1. Indiana's abortion restrictions and SCOTUS: Here are your final power lunch talking points for the week: Vice President Mike Pence's career goals has been to consign Roe v. Wade "to the ash heap of history." Three months before ascending to Donald Trump's national ticket, he signed HEA 1337 saying it would “ensure the dignified final treatment of the unborn and prohibits abortions that are based only on the unborn child’s sex, race, color, national origin, ancestry or disability, including Down syndrome.” This week a wave of abortion restrictions  have passed in Alabama, Missouri and Louisiana, setting up speculation of a U.S. Supreme Court showdown. The Alabama law is seen by conservatives ranging from Rev. Pat Robertson to House Minority Leader Kevin McCarthy as an overreach. It is the Indiana law that could ultimately challenge Roe v. Wade. When the 7th Circuit struck the law down, Judge Daniel Manion noted that in the 1992 Planned Parenthood v. Casey ruling, which defined how far states could go in limiting abortion, “the purported right to have a pre-viability abortion is more ironclad even than the rights enumerated in the Bill of Rights. Only a majority of the Supreme Court or a constitutional amendment can permit the States to place some limits on abortion.” Curt Smith of the Indiana Family Institute told WTHR-TV's  Kevin Rader, "The U.S. Supreme Court for many weeks now has been considering taking on Indiana's case that could be the beginning of the end for Roe v. Wade. We know today it was under review for a 14th time. Maybe unprecedented, but certainly quite rare in the history of the Supreme Court. There is some important reason the court continues to keep this case on the front burner."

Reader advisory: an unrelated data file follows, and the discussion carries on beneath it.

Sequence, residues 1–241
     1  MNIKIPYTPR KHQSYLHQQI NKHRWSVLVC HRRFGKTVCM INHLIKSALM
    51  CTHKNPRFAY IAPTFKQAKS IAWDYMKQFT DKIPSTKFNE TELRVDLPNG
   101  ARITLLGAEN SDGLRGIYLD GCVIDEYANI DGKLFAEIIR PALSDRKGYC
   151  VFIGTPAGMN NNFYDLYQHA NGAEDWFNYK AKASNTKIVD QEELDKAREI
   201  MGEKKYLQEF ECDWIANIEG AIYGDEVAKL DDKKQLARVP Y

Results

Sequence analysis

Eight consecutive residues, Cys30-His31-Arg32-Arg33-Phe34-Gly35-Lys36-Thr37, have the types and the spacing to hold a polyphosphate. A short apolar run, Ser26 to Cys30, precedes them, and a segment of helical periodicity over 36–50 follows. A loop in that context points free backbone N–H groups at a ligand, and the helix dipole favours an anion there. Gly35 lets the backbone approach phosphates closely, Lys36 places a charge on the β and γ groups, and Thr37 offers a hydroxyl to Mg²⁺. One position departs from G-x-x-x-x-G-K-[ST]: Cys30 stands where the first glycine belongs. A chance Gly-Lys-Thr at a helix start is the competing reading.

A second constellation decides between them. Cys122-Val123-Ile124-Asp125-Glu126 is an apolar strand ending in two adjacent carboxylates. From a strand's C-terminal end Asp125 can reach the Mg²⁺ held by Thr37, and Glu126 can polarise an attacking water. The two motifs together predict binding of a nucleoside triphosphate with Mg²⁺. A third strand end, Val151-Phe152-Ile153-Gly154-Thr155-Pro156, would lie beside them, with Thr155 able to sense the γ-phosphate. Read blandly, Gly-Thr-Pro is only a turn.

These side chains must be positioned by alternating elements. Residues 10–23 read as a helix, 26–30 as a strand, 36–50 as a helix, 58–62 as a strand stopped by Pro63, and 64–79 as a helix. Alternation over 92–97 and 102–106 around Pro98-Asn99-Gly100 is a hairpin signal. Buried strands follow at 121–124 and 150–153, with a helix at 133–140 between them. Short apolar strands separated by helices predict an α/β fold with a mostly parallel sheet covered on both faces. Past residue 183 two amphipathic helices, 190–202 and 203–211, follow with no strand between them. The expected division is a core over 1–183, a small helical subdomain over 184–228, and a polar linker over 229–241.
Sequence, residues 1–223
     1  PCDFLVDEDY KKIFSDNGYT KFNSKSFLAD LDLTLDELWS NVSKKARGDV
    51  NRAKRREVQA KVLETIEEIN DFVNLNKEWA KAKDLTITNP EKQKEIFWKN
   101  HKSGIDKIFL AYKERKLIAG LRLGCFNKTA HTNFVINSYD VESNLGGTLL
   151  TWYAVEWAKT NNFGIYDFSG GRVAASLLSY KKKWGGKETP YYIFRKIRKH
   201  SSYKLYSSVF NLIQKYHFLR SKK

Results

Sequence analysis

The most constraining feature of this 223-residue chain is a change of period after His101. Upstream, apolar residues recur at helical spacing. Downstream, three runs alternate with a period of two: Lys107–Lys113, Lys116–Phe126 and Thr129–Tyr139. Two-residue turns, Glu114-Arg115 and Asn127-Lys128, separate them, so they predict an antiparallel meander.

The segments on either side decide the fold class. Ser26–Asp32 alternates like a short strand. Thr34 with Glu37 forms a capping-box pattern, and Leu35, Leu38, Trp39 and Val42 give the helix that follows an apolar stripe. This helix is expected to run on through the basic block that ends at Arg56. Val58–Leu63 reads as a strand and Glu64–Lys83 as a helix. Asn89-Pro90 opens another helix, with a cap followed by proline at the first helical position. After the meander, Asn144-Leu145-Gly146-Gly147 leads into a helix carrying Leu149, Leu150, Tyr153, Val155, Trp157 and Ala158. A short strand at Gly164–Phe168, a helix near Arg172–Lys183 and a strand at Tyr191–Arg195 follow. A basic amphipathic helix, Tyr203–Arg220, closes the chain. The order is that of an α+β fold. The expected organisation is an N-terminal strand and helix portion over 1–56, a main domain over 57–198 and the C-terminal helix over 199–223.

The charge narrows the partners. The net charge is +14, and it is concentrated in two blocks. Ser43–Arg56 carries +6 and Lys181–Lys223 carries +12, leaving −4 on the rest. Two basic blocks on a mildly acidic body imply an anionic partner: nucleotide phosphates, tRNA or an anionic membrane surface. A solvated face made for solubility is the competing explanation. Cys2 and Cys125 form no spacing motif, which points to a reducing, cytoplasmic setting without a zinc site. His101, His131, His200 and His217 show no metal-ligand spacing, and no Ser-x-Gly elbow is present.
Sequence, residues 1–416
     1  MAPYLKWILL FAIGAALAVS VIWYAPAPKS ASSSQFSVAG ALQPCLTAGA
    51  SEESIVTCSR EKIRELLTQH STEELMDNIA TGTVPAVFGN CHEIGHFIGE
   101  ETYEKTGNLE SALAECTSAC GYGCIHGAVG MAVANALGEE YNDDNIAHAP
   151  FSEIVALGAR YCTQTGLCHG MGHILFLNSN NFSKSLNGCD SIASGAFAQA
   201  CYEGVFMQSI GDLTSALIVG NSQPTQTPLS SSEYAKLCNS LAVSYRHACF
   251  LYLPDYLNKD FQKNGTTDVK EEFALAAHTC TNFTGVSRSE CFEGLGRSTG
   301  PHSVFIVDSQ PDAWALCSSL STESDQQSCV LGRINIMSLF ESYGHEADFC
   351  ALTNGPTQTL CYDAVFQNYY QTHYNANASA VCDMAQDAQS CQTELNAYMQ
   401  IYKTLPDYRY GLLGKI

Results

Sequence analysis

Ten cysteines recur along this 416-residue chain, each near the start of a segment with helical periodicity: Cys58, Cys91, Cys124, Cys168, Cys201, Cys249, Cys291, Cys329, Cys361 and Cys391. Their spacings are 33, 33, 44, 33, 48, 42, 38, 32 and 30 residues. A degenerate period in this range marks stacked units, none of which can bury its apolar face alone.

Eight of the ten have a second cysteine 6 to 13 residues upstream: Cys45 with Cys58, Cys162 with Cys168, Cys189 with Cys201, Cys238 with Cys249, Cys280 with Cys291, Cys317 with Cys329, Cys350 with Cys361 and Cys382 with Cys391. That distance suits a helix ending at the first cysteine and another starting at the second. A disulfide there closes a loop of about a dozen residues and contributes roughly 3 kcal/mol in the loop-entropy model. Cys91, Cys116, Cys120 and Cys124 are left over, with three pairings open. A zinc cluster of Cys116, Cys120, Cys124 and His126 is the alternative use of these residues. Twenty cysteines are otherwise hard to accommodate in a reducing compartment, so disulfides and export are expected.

• HPI Analysis: Gov. Holcomb reelect on historic footing

    By BRIAN A. HOWEY

    INDIANAPOLIS – Has there been such a thing as a slam-dunk reelection for an Indiana governor? This question is posed as Gov. Eric Holcomb and First Lady Janet are in the midst of their deliberations on whether he will seek a second term. On the face of it, the notion that Holcomb wouldn’t run would be a stunner. Republican Chairman Kyle Hupfer told HPI on Monday, “He’s publicly said he and Janet will spend some time talking and thinking about things. That will happen on his own timeline. As a state chair, he’s done the work and had achievement that should he desire, he’d been in a strong position. “I would be very disappointed if he didn’t seek a second term,” Hupfer said. Short of that silly “rumor” that he was on a short list to become ambassador to Italy, it’s hard to fathom Holcomb not seeking a second term. He purports no national ambition at this point in his career and appears to enjoy every aspect of the job. Not only that, but he’s in about as strong a position as an incumbent governor could find.